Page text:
Visuals and Sound:
Visually, Xenoblade Chronicles X is stunning and one of the best looking games of the year. The art direction of not only the environments but also with the creatures and Skells are fantastic. Character models don’t look incredible and there is a fair amount of pop in terms of enemies and NPCs. There are optional free downloadable data packs available on the Wii U Shop for the game that will install parts of the game to the hard drive, but all four together take up around 12 GB which, if you don’t have an external hard drive for your system as I don’t, is too much space. I downloaded the general one they suggest and noticed improved loading times.
From an audio perspective, the English voice acting is totally fine. It doesn’t have the charm that the original game did with its British voice cast, but the people involved here did a good job. The lone exception to this is the direction they took voicing one of the species you come across that all sound like someone who inhaled a ton of helium and then jumped into the studio to turn on autotune. It’s bad. But the music for the most part is great. The music in NLA is an odd combination of rock, hip hop and country with some interesting vocals. There’s no doubt some people won’t be big fans of this, but I found it quirky and it fit with the tone of the game.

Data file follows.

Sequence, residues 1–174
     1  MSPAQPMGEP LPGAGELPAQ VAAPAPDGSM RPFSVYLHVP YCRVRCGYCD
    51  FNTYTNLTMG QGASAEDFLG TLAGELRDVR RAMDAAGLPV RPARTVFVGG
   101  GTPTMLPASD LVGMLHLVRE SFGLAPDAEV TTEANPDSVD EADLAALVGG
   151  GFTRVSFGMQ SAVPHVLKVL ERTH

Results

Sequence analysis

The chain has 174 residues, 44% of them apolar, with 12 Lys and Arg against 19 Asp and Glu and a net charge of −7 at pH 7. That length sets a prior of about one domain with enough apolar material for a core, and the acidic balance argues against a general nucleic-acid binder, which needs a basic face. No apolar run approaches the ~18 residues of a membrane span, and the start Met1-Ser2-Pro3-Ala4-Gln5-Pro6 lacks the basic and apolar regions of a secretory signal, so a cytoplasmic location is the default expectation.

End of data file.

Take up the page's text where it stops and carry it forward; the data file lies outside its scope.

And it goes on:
Even though this is sequel to the original Xenoblade Chronicles, it is a spiritual one and not a direct continuation. If you played the original, you will pick up on some references, but these are all new characters in a new world with a new story. There have been a fair number of AAA open world games released this year, but what sets Xenoblade Chronicles X apart is the creativeness of the different continents and the creatures that inhabit them. There were some vistas and creatures that caused my jaw to literally drop. Also, with the Wii U not getting MGS V, Fallout 4 or The Witcher 3, this is the open world game to buy on the system.
I completed the game in about 55 hours. This was with completing a number of the affinity missions and many of the basic sidequests that constantly repopulate. Throughout the game even though the vast majority of the missions were either gathering materials, bounties or settling disputes between residents of NLA, I bought into the idea that everything I did was helping us to survive on this new alien world. There was a feeling that every little objective worked toward the greater good of the survival which is a credit to the game that it made me feel that way. However, the disappointing story which ends on a massive cliffhanger is incredibly unfortunate and the texture pop-in can be jarring. Luckily the world and combat save this game by being fantastic. While Xenoblade Chronicles X may not live up to its predecessor, it is still a solid game that RPG fans should check out.